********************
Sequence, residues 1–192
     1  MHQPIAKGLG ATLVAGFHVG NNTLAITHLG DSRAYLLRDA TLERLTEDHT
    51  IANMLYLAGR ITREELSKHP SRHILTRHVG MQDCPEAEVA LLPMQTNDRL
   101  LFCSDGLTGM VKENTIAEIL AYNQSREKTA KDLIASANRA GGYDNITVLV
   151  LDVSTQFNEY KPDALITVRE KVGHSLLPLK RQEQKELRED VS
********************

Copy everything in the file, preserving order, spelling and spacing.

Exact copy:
Sequence, residues 1–192
     1  MHQPIAKGLG ATLVAGFHVG NNTLAITHLG DSRAYLLRDA TLERLTEDHT
    51  IANMLYLAGR ITREELSKHP SRHILTRHVG MQDCPEAEVA LLPMQTNDRL
   101  LFCSDGLTGM VKENTIAEIL AYNQSREKTA KDLIASANRA GGYDNITVLV
   151  LDVSTQFNEY KPDALITVRE KVGHSLLPLK RQEQKELRED VS